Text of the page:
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Wednesday, 31 July 2013

Remembering Reuben

Early childhood is a mysterious thing - many meetings, impressions, connections made but also many lost forever because of circumstances beyond the control of a small person. Memory plays tricks too, but some things seem to remain to be recalled years later in the most unexpected of moments.  This is what happened to me when I saw a blog post in February this year on Sasha Doll UK blog.  The last doll shown on this blog post immediately made me visit Shelly's site to find out more details. His cheeky face and pose reminded me of the characteristics of many small Cape coloured boys, but particularly a lad I knew at Sunday School at St George's Cathedral, Cape Town in the early 1970s.

It was the height of the apartheid era.  The Cathedral in the heart of the city had a really mixed congregation - white people, black people and mixed race people (who had developed a very distinctive, vibrant and warm culture of their own).  Somehow we all got on fine even though the government across the road from the mother church was intent on separating us.  Close to the centre of the city was District Six, a very mixed settlement of people who were mostly not very well off but whose families had been in the area for over a 100 years.  Quite a few of the Cathedral's coloured congregation lived there, including my young friend Reuben.  He was probably one or two years older than me and was full of fun and mischief.  He had an older sister and two younger brothers. His parents were stalwarts of the Cathedral, much loved by everyone there.

When the apartheid government ordered the clearing of District Six because it was an affront to their 'Group Areas Act' the family and many others were faced with the prospect of moving away from the heart of the city out to the Cape flats.  This was at least 25 minutes drive by car to the Cathedral if a family was fortunate enough to own a car, which I don't think they did.  I recall visiting Reuben's house in District Six once before they moved, it was an old fashioned double storey housing block with a verandah - it housed several families. I was too young to take notice of the street name.  It was probably bulldozed as were most of the houses in that area.  Soon after that we said goodbye to the family and I have never seen them since, they probably found a church near their new home (probably Mitchell's Plain which was a coloured area).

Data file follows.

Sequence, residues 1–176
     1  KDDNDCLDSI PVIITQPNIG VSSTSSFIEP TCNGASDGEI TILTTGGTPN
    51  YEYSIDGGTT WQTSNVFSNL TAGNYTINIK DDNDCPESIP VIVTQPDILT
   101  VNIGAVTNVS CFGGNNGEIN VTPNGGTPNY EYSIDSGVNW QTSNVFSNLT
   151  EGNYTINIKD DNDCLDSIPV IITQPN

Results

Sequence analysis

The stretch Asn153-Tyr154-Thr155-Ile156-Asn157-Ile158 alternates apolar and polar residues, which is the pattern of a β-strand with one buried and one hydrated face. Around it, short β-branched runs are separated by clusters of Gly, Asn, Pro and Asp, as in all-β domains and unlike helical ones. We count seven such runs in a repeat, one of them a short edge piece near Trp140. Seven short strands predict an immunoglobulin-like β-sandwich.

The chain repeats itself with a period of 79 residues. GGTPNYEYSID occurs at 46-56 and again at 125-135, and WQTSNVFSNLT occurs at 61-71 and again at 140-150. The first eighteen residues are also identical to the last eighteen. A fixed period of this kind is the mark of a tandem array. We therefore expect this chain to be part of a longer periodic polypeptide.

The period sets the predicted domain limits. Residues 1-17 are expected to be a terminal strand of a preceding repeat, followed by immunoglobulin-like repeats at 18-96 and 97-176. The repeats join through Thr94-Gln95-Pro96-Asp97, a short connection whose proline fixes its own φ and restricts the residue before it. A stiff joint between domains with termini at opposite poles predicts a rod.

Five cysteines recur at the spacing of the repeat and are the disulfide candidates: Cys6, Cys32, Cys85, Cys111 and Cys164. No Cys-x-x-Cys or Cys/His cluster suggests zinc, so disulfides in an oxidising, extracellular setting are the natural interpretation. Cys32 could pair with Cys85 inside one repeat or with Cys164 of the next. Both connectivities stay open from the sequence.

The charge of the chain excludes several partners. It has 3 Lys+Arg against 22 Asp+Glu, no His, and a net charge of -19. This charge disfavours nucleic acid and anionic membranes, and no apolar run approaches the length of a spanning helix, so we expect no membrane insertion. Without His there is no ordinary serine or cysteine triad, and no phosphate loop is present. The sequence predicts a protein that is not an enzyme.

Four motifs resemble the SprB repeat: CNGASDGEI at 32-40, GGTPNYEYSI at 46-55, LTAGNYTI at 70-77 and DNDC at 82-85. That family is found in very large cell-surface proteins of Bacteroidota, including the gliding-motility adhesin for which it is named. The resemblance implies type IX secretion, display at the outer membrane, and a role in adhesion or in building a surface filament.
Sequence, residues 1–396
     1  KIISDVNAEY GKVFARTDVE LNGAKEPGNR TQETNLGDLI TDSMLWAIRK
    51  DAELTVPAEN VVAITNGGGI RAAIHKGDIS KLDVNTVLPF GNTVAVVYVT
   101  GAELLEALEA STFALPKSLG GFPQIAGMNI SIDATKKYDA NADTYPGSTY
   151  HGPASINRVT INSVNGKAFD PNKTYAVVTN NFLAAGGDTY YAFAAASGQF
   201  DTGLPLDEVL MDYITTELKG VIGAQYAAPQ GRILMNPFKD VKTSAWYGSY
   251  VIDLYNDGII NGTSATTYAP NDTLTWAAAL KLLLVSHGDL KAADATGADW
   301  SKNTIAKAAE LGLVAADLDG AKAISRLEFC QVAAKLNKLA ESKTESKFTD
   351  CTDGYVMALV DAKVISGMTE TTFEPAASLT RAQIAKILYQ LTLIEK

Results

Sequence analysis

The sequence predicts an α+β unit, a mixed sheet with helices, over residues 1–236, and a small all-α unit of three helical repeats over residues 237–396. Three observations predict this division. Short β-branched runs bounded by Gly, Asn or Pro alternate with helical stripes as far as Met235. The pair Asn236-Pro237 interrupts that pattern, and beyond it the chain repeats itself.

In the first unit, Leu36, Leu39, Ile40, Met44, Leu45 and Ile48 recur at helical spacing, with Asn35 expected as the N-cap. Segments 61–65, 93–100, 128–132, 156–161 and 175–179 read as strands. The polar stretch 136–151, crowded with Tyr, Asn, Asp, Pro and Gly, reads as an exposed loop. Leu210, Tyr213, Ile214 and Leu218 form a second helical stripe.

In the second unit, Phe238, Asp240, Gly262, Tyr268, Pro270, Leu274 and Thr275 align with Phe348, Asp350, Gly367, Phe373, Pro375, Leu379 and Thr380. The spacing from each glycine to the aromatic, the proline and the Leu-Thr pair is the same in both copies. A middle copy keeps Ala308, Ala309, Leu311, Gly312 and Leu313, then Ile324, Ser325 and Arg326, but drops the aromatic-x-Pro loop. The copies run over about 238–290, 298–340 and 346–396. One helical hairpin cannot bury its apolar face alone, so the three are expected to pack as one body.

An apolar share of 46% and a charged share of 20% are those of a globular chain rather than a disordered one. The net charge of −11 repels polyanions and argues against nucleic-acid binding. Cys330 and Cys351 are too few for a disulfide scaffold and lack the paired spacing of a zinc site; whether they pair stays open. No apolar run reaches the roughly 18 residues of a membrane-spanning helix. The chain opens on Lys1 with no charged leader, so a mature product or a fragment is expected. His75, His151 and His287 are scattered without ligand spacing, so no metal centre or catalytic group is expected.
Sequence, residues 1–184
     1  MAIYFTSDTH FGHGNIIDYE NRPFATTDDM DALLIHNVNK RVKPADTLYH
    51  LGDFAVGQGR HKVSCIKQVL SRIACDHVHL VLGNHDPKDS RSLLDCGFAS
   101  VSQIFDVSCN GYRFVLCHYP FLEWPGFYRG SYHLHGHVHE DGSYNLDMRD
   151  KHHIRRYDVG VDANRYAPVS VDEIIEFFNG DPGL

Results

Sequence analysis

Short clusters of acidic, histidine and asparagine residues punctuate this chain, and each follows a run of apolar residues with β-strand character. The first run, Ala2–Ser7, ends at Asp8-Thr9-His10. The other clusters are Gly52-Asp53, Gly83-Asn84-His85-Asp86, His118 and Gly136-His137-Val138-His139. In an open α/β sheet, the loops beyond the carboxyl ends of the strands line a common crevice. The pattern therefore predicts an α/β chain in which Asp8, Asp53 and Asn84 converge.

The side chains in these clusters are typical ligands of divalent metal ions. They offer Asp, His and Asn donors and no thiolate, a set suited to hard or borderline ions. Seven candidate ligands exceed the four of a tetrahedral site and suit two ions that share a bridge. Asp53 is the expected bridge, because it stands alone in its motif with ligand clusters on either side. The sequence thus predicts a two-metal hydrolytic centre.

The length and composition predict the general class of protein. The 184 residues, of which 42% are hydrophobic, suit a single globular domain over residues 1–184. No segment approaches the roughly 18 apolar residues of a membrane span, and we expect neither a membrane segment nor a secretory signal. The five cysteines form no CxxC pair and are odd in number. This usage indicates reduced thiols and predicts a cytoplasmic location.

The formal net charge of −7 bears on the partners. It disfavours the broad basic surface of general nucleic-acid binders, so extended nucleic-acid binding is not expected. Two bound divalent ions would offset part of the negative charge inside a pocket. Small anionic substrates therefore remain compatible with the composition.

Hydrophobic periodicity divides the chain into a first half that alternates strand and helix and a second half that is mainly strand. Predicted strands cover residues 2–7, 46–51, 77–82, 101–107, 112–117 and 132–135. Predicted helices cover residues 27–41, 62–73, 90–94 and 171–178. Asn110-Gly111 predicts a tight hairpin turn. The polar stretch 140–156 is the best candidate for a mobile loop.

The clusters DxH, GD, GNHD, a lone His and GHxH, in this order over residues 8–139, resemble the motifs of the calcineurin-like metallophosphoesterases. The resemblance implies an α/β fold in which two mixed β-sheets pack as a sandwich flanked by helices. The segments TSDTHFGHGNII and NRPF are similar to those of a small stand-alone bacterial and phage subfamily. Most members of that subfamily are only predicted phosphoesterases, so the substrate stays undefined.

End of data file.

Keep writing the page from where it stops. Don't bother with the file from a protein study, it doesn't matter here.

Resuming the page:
The Cathedral continued to have a mixed congregation despite the erasing of District Six, as there were other places in the city where black and coloured people lived, and it later became known as the People's Cathedral during the final days of apartheid, due to the inspirational leadership of the Dean and a very famous Archbishop.

More than 36 years later a photo of a doll brought back my memories of Reuben my friend.  The doll was described as a late 1970s Caleb in his complete outfit with the addition of an orange Gotz hoodie (a bit large for him) and a grey fleece hat.  He arrived in May and I kept him under wraps until June when I made his shirt and took him to Dawn's Sasha day.  He went back into hiding again until a few days ago.  It is good to have him on display with the others now.
Reuben, as pictured on Sasha Doll UK (Photo: Shelly B)
Nicholas James, Miranda, Reuben, Laura, Florence and baby Mabel
And in case you were wondering, I did go looking on-line to see if I could find out whether my childhood friend was still alive and am fairly sure he is fine and doing well.


Sans! said...

What a great story to share! And that Reuben doll? Just adorable.

I know a little boy called Reuben too and he's chubby and cheerful and very well loved :).

Serenata said...

A wonderful way to remember your childhood friend whom became lost to you through the terrible regime of apartheid. Good to read that the church carried on having mixed services though, that takes strength.

Sharon said...

This was a lovely blogpost and it just goes to show that love and respect for others, can overcome even apartheid. Reuben is a lovely little boy and it is a wonderful 'tribute' to the 'real' Reuben that you now have him as part of your Sasha/Gregor family!
I tried to post on your last blog spot but something strange happened, so hopefully this one will work!

Papillon Bleu said...

Thank you for sharing this with us.
You are right, sometimes memory plays funny tricks on us and you never know what is going to trigger a recollection like this one.

( Thank you also for the kind words on my blog)

I am trying to go back to Blogland but I haven't been very creative lately. Still love the dolls though!


DollMum said...

I was a lucky girl today, my aunt is visiting the UK from SA and brought a book about the history of St George's Cathedral with so many photos in it of people I remembered. This book tells me that some of the coloured congregation came from the closure of a church in Waterkant Street (not District 6) which happened in 1970 and this in the long term lead to the integration of the mainly white congregation with coloured and black at the Cathedral.
My Reuben is very happy to be on display with the others and I smile when I look at him. He is also helping with my 'Back to school' swap - more about that in a future post.